Monday, December 07, 2009
After Delays, Deal Set on Iraq Election Law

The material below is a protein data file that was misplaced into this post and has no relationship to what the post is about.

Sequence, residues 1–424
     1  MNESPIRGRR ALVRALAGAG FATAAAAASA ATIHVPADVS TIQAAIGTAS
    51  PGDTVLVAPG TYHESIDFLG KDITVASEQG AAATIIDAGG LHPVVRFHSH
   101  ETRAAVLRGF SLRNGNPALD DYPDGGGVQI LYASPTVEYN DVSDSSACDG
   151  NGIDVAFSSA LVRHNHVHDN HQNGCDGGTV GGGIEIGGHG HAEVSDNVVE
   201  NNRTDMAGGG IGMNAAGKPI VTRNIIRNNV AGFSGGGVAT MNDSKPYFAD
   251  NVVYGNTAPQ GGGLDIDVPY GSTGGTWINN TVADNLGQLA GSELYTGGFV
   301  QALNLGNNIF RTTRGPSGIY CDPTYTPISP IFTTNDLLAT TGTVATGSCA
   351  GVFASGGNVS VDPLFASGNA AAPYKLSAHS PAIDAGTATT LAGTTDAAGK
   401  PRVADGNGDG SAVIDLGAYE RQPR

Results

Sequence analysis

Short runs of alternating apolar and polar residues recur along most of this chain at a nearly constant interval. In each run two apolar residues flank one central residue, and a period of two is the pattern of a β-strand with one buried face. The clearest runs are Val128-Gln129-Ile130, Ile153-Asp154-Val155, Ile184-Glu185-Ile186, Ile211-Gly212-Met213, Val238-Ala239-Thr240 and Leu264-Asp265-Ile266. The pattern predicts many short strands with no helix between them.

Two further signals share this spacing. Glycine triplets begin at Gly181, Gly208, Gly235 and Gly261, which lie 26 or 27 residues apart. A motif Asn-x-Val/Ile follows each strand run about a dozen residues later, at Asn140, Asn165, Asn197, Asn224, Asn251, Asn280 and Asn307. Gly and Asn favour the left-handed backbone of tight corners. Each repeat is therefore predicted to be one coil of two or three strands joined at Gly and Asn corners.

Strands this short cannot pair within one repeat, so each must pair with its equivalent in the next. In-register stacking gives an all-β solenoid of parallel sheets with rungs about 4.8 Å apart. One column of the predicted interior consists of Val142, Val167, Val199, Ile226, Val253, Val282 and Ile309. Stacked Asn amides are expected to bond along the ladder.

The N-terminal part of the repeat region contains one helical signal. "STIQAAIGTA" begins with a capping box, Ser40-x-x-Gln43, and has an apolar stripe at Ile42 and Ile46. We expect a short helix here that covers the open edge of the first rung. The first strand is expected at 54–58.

When the New York Times is reporting on progress from Iraq, well that certainly says something about the state of affairs.. New York Times By MARC SANTORA and RIYADH MOHAMMED BAGHDAD — Lawmakers pulled Iraq back from the brink of a constitutional crisis on Sunday night, brokering a last-minute compromise that will allow for the first national elections since 2005. A deal on the election law has fallen apart before, underscoring the deep sectarian divide that remains in Iraq, despite a drop in violence. Fighting over the law also threatens to complicate the American withdrawal. After months of wrangling, the Iraqi Parliament gathered just before midnight to approve a deal that had been secured only hours before in closed-door talks. “It is a great achievement for Iraq,” said Khalid al-Attiya, a deputy speaker of Parliament, shortly after the vote. The deal had been approved Sunday by Shiite, Sunni and Kurdish leaders, according to government officials, so it was unlikely to collapse again. American and United Nations diplomats worked furiously over the weekend to secure the compromise, but were often unsure of what was happening as the discussions among Iraq’s senior political leaders broke down time and again. At one point on Sunday, a group of Western diplomats gathered in the dismal Parliament cafeteria, which was bombed by militants in 2007, comparing notes to see if they could make sense of the latest developments. The deal was not very different from the original election law, which was vetoed by Tariq al-Hashimi, a Sunni and one of Iraq’s two vice presidents. He said the law underrepresented Iraqis outside the country, who are largely Sunnis who fled the sectarian war that plunged the country into turmoil. Essentially, the dispute centered on the allocation of seats in Parliament, with each sect angling to get as many seats as possible in the areas where it felt strongest. Because a national census that was supposed to take place earlier this year was postponed, there is no accurate count of Iraqi citizens, and each political faction was wary of being shortchanged. The initial effort to pass an election law was delayed on 11 separate occasions, but when an agreement was reached Nov. 8, it was hailed as a sign of progress. That deal quickly fell apart when Mr. Hashimi used his constitutional authority to veto it. Mr. Hashimi is one of three members of Iraq’s Presidency Council, which also includes President Jalal Talabani, a Kurd, and Vice President Adel Abdul Mahdi, a Shiite. Together they have the power effectively to veto any law passed by Parliament. In response to the first veto, Parliament passed a law that was viewed as even more unfavorable to Sunnis, prompting Mr. Hashimi to threaten a veto once again. Fearful that another veto could delay elections indefinitely, top American officials have been appealing directly to the country’s top lawmakers to step back from the abyss. The White House said in a statement on Sunday that the United States welcomed adoption of the resolution on the Iraqi election law. Yet as night fell in Baghdad on Sunday and no deal had been reached, aides to Mr. Hashimi waited outside the door of the speaker’s office with a veto order at the ready. It was only around 10 p.m. that the outlines of a deal became clear. Parliament would be expanded to 325 seats from 275, with 310 of those seats allotted to Iraq’s 18 provinces and the remainder reserved for Iraqis living outside the country. But even after the deal had been largely agreed upon, lawmakers were still haggling over such issues as how the Christian minority would be represented. For all the fighting, the compromise represented little change from the law passed Oct. 27 and then vetoed. Prime Minister Nuri Kamal al-Maliki had warned that the delay could lead to increased violence, and there were fears of a replay of the 2005 election, which was largely boycotted by the Sunnis and fueled a sense of anger that bolstered Sunni militants. Over the weekend, a series of attacks underscored just how fragile the security gains remain. On Friday, militants in Saddam Hussein’s hometown, Tikrit, killed four members of the police force, including a local commander who had gained a reputation as one of the staunchest foes of Sunni insurgents. While much of the recent violence has been concentrated in Sunni strongholds, there has been concern about Shiite militias regaining traction. In Basra, where more than 150 prisoners once affiliated with the Shiite cleric Moktada al-Sadr have been released in recent weeks, there have been a spate of assassinations of political figures, according to local security officials. If the deal holds, it will be a relief to American military commanders, who have been timing their withdrawal to the elections. While the American military role here has already been greatly reduced, the idea was to still have a sizable presence at the time of the election and during the seating of a new government. Election officials have said they would need at least 60 days’ notice to write up ballots, secure polling stations and generally prepare for a vote. Barring another political meltdown, that means a date for the elections could be set for as early as the end of February. Gen. Ray Odierno, the commander of American forces in Iraq, has said that while the military has built flexibility into the withdrawal timeline, the plan was to step up troop departures in the spring to meet President Obama’s goal of having all combat troops out of the country by August 2010.